(Originally published November 14, 2009.)
With the First Time Home Buyer Tax Credit Program set to expire at the end of November, President Obama has signed legislation extending the $8,000 credit to cover sales contracts signed by April 30, 2010. These sales must close by June 30, 2010. For those serving in the military and deployed outside the United States, the credit has been extended through June 2011.
The legislation also includes a new $6,500 tax credit for homebuyers who have previously owned a home, if that home was their primary residence for five consecutive years out of the last eight years. Home buyer income limits for both the $8,000 credit and the $6,500 credit have also been expanded. Individuals earning up to $125,000 and couples earning up to $225,000 now qualify for the maximum credit. Above these limits, the credit decreases for single buyers earning up to $145,000 and $245,000 for couples filing jointly. However, under the new program, to qualify for a credit, the cost of the home being purchased is limited to $800,000.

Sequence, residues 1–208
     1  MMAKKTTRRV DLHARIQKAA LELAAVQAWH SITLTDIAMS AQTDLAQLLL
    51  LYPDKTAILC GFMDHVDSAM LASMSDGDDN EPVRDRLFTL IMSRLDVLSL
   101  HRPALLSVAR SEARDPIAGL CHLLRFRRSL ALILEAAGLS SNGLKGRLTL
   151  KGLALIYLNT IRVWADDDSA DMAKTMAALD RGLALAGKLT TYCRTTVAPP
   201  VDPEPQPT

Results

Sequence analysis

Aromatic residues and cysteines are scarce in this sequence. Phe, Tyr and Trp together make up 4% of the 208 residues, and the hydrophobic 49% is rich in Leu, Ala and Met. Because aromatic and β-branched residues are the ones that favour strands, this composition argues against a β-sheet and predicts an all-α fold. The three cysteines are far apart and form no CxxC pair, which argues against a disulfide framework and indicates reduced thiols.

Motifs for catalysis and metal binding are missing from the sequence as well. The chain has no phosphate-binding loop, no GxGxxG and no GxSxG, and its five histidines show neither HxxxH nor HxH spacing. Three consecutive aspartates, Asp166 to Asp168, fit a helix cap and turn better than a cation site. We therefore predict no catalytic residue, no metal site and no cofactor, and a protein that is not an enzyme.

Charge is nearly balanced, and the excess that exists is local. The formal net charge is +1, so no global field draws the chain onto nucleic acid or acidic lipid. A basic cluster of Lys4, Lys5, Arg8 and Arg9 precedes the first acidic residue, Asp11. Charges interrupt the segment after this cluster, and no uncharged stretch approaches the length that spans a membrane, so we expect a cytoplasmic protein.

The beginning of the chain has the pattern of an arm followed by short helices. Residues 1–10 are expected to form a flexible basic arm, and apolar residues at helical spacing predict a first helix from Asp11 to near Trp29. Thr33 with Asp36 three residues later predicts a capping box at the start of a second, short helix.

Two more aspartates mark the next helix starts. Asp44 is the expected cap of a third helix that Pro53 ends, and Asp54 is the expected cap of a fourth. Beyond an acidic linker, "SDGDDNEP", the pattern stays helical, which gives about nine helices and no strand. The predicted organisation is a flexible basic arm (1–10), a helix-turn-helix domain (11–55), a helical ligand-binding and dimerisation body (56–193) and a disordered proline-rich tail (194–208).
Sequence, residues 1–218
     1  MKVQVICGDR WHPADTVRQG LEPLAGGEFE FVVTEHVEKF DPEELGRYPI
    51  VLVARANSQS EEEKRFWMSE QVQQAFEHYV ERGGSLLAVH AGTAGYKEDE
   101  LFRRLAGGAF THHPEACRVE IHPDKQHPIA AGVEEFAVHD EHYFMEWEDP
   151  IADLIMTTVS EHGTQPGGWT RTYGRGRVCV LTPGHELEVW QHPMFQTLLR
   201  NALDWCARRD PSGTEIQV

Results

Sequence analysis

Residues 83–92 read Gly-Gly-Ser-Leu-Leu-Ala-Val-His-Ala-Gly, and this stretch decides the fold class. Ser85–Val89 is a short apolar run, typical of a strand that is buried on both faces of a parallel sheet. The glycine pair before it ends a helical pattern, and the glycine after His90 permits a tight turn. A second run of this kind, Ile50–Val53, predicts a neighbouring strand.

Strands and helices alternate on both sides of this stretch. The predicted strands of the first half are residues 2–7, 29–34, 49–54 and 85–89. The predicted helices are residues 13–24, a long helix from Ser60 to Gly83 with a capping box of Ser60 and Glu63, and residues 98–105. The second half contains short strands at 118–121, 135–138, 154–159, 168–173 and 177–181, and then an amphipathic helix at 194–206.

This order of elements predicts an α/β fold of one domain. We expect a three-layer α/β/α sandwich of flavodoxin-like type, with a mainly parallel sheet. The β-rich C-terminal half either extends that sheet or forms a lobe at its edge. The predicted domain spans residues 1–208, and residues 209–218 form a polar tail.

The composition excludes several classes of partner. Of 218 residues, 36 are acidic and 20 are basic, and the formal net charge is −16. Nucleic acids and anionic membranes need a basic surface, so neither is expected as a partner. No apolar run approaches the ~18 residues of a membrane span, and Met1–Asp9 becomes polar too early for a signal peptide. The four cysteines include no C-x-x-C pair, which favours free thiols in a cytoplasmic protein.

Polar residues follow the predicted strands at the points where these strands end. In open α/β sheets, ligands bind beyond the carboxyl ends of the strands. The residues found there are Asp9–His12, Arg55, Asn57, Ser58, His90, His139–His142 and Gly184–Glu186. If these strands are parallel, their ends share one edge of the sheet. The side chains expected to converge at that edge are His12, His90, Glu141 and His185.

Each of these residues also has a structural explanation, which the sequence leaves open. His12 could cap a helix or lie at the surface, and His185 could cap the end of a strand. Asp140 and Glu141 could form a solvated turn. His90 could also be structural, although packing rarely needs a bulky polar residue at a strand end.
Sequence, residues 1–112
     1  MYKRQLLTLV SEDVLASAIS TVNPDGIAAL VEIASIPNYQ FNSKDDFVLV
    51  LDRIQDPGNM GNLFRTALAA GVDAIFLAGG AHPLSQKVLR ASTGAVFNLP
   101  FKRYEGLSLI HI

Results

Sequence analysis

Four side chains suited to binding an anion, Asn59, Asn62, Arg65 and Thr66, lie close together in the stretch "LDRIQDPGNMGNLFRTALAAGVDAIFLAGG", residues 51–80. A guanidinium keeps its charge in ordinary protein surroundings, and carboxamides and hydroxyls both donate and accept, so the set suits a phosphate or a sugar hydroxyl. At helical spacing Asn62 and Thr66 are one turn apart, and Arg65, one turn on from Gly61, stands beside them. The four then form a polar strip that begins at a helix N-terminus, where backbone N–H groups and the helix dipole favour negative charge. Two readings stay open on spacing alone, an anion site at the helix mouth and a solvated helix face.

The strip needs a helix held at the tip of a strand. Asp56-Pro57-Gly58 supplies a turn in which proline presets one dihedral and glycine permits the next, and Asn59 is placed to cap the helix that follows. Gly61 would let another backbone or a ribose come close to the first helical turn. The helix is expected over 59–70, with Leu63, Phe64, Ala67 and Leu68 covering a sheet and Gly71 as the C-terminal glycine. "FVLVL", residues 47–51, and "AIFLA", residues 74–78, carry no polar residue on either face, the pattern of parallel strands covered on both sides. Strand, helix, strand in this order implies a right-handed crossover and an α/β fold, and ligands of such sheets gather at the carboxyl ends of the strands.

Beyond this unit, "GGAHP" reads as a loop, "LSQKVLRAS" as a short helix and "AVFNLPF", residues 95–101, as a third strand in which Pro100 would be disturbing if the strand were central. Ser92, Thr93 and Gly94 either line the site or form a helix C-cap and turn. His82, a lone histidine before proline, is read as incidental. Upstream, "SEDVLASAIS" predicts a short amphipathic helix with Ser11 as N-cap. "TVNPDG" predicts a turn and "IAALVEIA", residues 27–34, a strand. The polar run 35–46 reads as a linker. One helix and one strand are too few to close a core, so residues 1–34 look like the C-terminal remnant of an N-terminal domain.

While the Home Buyer Tax Credit has certainly been politically popular, has it really contributed to a housing market recovery? Or, would the inevitable economic cycle along with the market forces of supply and demand have encouraged these buyers to purchase anyway? The jury is still out and it will be some time before we know whether our tax dollars were well spent.
Since 1992, Warren Goldberg has helped thousands of clients own their homes, refinance their mortgages, restructure their debts, and invest in real estate. Warren is known for his wide knowledge of mortgage products and wealth-creation strategies.